The world is undeniably getting warmer. We have all contributed. Consuming annually billions of tons of fossil fuels has disturbed the thermal equilibrium of our planet with meteorological, economic, social, biological, and political consequences filling thousands of pages of IPCC—Intergovernmental Panel of Climate Change—reports and millions of pages elsewhere. Making sense of all this and constructively reacting within our own personal circumstances is a serious responsibility incumbent on us all.
First of all, how to make sense of this? In February 2007, before the IPCC meeting in Bangkok in May, Sigma Xi (The Scientific Research Society) published the report Confronting Climate Change: Avoiding the Unmanageable and Managing the Unavoidable commissioned by the United Nations Foundation. A six-page executive summary is available on the web (see sidebar). We should most certainly all read this and digest its contents.
I would also wholeheartedly commend the full 135-page report as a digestible and responsible overview of an extremely intricate and multifaceted discourse. The more recent complexities from Bangkok have also now been well summarized, for example in the 11 May edition of Science magazine.
The reports project stark reality. The modelers confidently predict that global temperatures will continue to rise from 0.2 to 0.4°C per decade until the middle of this current century even if carbon emissions instantly stabilize. They won’t. This couple of degrees will make a very substantial change in our aspirations and lifestyles. We can expect more. Our addiction is too strong, but—and now it is back to each individual—we must all contribute to alleviating the situation.
SPIE’s membership has enormous potential, even enormous responsibility. This is, after all, entirely a discussion on energy and on its use on our planet. Energy arrives here from the sun as photons. The energy that leaves to maintain our thermal equilibrium does so as lower energy photons, increasingly absorbed by the densifying blanket of greenhouse gases. Optical engineers really should know how to handle photons.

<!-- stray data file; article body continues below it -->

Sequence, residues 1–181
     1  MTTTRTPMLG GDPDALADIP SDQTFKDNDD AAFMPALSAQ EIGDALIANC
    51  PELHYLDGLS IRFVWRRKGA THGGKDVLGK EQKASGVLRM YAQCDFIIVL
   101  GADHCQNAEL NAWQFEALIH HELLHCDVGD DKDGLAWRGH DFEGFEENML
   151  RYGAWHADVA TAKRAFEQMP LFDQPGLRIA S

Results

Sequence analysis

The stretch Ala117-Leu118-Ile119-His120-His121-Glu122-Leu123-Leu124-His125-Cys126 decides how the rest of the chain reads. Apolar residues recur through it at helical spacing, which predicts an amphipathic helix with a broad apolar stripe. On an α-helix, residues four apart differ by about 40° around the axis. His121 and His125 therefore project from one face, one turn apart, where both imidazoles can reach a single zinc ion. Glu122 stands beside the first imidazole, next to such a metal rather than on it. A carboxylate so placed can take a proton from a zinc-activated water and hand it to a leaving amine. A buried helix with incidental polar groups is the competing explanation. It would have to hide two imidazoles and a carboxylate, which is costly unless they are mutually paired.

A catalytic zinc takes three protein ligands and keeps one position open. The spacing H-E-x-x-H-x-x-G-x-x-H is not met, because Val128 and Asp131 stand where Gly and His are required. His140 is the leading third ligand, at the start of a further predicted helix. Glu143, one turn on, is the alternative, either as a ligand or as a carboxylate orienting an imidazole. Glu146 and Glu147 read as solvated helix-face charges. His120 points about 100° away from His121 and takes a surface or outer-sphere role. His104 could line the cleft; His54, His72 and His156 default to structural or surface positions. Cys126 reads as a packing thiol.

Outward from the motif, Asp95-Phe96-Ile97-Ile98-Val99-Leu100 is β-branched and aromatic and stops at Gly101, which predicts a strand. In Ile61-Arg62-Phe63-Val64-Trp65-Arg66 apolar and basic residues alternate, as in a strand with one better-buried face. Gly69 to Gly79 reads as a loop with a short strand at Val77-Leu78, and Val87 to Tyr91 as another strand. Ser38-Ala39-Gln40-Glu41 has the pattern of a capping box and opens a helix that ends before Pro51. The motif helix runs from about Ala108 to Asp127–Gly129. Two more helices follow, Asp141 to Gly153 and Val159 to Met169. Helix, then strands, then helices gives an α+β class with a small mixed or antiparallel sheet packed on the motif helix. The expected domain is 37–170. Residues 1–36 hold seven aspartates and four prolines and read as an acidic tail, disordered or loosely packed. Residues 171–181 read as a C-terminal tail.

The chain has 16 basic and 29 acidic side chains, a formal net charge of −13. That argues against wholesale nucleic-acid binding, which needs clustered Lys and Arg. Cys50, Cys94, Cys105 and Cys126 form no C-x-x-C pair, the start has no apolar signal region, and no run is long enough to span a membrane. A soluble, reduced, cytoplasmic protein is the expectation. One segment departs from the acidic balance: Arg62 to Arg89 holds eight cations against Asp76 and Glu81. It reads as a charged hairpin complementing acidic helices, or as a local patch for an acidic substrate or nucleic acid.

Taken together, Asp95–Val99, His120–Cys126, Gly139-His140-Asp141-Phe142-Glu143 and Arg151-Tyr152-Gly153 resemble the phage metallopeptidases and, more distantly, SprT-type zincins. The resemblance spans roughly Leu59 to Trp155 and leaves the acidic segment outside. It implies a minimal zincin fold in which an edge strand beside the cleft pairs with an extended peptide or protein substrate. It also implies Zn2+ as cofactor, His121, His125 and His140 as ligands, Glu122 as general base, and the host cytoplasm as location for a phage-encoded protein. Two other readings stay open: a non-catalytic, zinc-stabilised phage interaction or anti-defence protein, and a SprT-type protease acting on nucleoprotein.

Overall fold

We can all do the simple, but very important, sums. The total energy arriving on the roof of my house on an annual basis, even in the damp west of Scotland, is more than enough to provide for all domestic needs including personal transportation (though it hardly contributes to the long-haul flights). Converting this rich resource into something useful is a significantly greater challenge than simply doing the sums. With current technology, for around US$30,000, I could generate more than enough electricity from my roof for the domestic supply. Taxation structures and subsidies mitigate against this, particularly when compared to those directed toward centralized utilities.
Adequate—though far from ideal—technology exists but the political, economic, and social environment in the UK and most other countries hasn’t quite made it. Additionally, much, much more is needed to refine the art of harnessing all those very valuable solar photons.
So what to do? Wringing hands in defeat is not an option. We certainly all contributed to the problem, and we must with equal certainty contribute to its solution. Immediately set the example: replace all tungsten light bulbs, drive a smaller more economical car, take the bus! Spread the message that the sun provides enough to keep us going.
Most important, apply our collective talents—we are photonic engineers—to harnessing that source. Our community has a huge technical contribution to make and collectively must use our vision and skills to make a real difference.
The United Nations Foundation and Sigma Xi, The Scientific Research Society, in February published the report Confronting Climate Change: Avoiding the Unmanageable and Managing the Unavoidable. Writing the part-report, part-roadmap document was a two-year process by an international panel of scientists.
Confronting Climate Change covers an overview of the science of climate change, the importance of avoiding the risk of major impacts of climate change, options for mitigation, and steps that can be taken to prepare to adapt to anticipated climate change.
“Two starkly different futures diverge from this time forward,” the report cautions. “Society’s current path leads to increasingly serious climate-change impacts. The other path . . . will reduce dangerous emissions, create economic opportunity, help to reduce global poverty, reduce degradation and carbon emissions from ecosystems, and contribute to sustainability. Humanity must act collectively and urgently to change course through leadership at all levels of society. There is no more time for delay.”
Read the executive summary or the full report at www.sigmaxi.org/about/news/UNSEGReport.shtml.
Brian Culshaw, 2007 SPIE President